Death comes to us all. But before that comes life, and Richmond is better to have seen the likes of many talented and determined folks who died this year. Their individual and collective vision, energy, grit, humor and kindness made deep and positive impressions on their native or adopted city. You may have your list, here's mine.
One of the departures of the new year was Murray Janus, who died Jan. 26 at age 74. The criminal defense attorney, who became a household name locally, famously defended some of the highest-profile cases in late-20th-century Richmond.
A lawyer who broke a major racial barrier here was James E. Sheffield. He died March 28 at age 80. In 1974, he became the first African-American appointed to a Virginia bench when Gov. Mills E. Godwin Jr. made him a Richmond Circuit Court judge. Sheffield later distinguished himself as an adjunct law professor at the University of Richmond.
A local legend, former Richmond Police Chief Frank S. Duling Jr. died June 4 at age 89. Duling joined the force at 21, became a captain at 33 and was named police chief in 1967 at 44. During his more than two decades at the helm, the city underwent considerable social, political and racial tumult.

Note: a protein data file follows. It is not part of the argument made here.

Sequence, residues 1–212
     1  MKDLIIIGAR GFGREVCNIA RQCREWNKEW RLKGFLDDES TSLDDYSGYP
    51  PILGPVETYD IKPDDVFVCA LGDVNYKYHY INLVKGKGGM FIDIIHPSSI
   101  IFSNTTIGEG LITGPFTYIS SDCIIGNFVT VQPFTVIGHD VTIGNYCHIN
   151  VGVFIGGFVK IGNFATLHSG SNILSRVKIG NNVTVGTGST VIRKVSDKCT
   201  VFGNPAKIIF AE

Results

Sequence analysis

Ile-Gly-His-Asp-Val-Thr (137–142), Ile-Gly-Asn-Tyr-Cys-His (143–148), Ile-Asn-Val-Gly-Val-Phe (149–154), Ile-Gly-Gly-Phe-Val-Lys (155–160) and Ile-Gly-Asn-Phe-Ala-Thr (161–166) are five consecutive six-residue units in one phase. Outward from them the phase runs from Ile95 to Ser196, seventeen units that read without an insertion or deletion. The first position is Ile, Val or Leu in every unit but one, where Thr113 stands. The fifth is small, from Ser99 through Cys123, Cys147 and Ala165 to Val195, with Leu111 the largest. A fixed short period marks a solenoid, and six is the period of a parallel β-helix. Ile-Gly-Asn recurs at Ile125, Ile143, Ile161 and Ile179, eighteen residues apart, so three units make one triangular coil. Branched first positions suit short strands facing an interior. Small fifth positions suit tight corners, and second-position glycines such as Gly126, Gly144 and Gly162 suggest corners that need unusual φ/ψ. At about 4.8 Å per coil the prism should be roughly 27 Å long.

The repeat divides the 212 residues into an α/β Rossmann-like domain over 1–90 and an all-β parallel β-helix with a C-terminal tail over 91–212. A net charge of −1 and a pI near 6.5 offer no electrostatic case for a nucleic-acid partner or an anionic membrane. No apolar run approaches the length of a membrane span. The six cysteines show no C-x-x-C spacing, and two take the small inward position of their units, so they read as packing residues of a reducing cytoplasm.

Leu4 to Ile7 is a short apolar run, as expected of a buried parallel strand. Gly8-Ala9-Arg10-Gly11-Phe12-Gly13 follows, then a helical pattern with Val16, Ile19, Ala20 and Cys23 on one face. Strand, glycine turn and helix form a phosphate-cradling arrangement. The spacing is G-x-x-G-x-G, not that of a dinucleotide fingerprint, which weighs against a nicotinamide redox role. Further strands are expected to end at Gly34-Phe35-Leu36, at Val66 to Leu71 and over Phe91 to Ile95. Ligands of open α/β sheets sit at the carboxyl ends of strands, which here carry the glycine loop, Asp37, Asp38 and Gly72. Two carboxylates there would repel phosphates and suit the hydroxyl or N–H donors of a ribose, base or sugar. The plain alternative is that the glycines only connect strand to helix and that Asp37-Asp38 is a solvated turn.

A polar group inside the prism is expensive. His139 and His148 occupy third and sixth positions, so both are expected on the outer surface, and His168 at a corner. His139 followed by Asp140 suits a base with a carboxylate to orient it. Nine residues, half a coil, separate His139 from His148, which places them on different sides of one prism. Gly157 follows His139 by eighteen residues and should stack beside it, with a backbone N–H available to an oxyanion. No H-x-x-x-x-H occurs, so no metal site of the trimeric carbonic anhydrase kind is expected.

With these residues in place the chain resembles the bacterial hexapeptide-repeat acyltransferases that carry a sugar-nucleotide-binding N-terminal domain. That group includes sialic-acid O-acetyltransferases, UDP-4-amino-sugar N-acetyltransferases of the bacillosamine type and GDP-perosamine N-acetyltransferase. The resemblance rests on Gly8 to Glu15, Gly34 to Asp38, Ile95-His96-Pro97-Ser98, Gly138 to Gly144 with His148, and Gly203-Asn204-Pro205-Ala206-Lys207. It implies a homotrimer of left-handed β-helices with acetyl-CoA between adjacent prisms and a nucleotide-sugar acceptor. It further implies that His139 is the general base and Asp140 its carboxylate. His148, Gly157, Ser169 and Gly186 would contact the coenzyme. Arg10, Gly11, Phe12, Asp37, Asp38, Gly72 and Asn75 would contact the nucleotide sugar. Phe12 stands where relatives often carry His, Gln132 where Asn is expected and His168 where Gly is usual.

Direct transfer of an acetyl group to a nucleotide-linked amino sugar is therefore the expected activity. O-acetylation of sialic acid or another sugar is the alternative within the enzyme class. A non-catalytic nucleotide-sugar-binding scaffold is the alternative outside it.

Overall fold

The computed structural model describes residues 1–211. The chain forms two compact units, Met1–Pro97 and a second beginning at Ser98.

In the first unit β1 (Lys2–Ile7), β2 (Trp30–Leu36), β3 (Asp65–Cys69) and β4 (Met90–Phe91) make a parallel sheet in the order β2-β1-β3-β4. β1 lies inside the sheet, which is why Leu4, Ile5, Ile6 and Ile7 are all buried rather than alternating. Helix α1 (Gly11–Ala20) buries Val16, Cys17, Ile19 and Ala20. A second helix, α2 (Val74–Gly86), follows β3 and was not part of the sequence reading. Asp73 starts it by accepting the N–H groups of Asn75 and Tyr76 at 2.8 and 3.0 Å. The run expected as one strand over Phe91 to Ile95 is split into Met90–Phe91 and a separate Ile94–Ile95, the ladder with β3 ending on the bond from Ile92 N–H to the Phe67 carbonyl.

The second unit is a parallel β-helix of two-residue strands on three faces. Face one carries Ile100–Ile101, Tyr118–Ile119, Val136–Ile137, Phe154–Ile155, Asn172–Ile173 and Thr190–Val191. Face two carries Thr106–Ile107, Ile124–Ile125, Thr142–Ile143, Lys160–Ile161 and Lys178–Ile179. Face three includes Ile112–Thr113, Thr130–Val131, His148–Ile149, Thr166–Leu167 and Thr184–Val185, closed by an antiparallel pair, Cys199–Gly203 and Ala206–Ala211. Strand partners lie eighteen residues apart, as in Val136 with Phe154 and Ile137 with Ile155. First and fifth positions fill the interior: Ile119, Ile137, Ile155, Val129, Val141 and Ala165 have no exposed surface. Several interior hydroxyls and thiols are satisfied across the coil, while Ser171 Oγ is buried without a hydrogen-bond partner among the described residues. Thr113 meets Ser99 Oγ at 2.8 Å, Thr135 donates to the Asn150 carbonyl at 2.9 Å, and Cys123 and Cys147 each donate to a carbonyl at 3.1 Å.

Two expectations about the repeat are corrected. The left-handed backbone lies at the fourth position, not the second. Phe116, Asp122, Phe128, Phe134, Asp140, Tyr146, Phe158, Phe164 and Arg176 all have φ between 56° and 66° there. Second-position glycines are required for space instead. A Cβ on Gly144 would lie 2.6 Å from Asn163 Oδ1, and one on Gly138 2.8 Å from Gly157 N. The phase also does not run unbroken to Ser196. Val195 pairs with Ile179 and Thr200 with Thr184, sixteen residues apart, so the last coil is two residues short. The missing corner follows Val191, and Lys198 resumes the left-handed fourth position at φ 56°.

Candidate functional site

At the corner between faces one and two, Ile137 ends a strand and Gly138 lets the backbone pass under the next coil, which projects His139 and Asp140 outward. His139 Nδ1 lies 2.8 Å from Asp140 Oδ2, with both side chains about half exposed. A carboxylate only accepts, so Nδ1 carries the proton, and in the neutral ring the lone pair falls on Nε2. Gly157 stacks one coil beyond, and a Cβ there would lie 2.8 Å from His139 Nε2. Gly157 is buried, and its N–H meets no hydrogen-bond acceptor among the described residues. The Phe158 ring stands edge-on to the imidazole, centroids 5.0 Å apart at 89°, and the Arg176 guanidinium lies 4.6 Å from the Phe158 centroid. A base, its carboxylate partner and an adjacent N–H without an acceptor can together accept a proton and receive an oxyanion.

Some Richmonders make their mark and move on, such as Ruth Herrink. The former Bellevue neighborhood resident served as a city councilwoman from 1963 to 1965. A trailblazer in women's and civil rights, Herrink died Oct. 12 at age 87. At the time she was still at work as editor of The Journal in King George County and fighting for causes close to her.